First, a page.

HE’S ABLE TO FORGIVE

HE’S ABLE TO FORGIVE

Mark 2:1-12 NET

1 Now after some days, when he returned to Capernaum, the news spread that he was at home. 2 So many gathered that there was no longer any room, not even by the door, and he preached the word to them. 3 Some people came bringing to him a paralytic, carried by four of them. 4 When they were not able to bring him in because of the crowd, they removed the roof above Jesus. Then, after tearing it out, they lowered the stretcher the paralytic was lying on. 5 When Jesus saw their faith, he said to the paralytic, “Son, your sins are forgiven.” 6 Now some of the experts in the law were sitting there, turning these things over in their minds: 7 “Why does this man speak this way? He is blaspheming! Who can forgive sins but God alone?” 8 Now immediately, when Jesus realized in his spirit that they were contemplating such thoughts, he said to them, “Why are you thinking such things in your hearts? 9 Which is easier, to say to the paralytic, ‘Your sins are forgiven,’ or to say, ‘Stand up, take your stretcher, and walk’? 10 But so that you may know that the Son of Man has authority on earth to forgive sins,” — he said to the paralytic – 11 “I tell you, stand up, take your stretcher, and go home.” 12 And immediately the man stood up, took his stretcher, and went out in front of them all. They were all amazed and glorified God, saying, “We have never seen anything like this!”

Last week, I showed from Psalm 130 that our God is willing to forgive. This week we will see that Jesus has the authority to forgive us.

We can see that in the story of Jesus’ healing of the paralytic in Mark 2:1-12. First, we see that…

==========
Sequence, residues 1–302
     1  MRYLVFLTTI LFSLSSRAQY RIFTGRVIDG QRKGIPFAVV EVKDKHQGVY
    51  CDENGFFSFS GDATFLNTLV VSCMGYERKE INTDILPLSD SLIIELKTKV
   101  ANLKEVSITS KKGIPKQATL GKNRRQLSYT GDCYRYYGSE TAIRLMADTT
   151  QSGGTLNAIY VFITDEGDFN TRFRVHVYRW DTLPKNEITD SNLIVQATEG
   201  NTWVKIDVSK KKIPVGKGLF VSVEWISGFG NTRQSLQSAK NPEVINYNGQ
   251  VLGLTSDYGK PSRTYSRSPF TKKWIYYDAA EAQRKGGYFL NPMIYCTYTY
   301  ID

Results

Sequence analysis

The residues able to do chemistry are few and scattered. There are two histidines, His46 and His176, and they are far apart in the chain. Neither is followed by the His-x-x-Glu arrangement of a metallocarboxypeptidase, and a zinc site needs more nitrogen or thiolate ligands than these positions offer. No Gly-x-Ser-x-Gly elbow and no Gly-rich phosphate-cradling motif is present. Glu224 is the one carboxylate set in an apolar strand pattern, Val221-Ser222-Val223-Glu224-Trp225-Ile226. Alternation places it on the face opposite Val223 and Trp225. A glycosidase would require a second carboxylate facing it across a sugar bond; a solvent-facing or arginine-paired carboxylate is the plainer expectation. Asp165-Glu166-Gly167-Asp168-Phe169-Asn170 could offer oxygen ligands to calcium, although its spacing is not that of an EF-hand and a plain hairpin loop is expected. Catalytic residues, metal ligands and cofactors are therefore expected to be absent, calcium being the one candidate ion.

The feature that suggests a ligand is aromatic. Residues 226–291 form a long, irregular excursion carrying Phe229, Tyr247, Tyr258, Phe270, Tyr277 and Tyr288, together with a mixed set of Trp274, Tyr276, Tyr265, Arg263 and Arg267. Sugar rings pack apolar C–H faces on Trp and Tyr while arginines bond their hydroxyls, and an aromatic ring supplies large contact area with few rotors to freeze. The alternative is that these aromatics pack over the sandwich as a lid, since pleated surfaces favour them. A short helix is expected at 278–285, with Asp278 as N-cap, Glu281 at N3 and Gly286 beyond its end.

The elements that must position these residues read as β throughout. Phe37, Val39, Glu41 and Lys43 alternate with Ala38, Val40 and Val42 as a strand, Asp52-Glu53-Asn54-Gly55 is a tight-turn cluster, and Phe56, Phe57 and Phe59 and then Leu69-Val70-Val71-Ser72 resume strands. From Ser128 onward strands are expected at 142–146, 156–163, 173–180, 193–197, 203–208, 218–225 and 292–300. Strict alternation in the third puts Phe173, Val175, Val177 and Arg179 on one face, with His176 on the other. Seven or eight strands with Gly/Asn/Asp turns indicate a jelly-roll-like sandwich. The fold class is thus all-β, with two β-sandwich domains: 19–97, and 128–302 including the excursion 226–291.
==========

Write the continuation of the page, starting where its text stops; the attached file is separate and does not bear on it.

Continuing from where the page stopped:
The crowds had gathered because they believed Jesus was able to heal (1-2).

Jesus was returning to Capernaum after an absence. He came back to preach, but he always found time to heal people as a demonstration of the veracity of his message. The people knew that. They were looking forward to seeing the miracles happen again.

Maclaren describes the scene by pointing out “the crowd flocking to the humble home, overflowing its modest capacity, blocking the doorway, and clustering round it outside as far as they could hear Christ’s voice. ‘He was speaking the word to them,’ proclaiming His mission, as He had done in their synagogue when He was interrupted by the events which follow, no doubt to the gratification of some of His hearers, who wanted something more exciting than “teaching” (Maclaren, 48).

That is understandable. We need demonstrations of God’s power in our lives. The world around us is looking for the reality of our faith. We should not discourage the seeking of miracles. The miracles God allows us to experience can be how he demonstrates the veracity of our faith and our God.

The story includes the fact that…

The paralytic and his four friends sought Jesus for healing (4-5).

Alexander writes that these four friends “would not have gone so far in their endeavor to reach Jesus if they had not believed in his capacity and willingness to do what they desired” (35). They were not just carrying their friend around in the hopes of possibly coming by a doctor. They sought Jesus for healing. When they found him, they would not be impeded by the obstacle of the crowded house. They would get their friend to Jesus if they had to tear the roof off the house.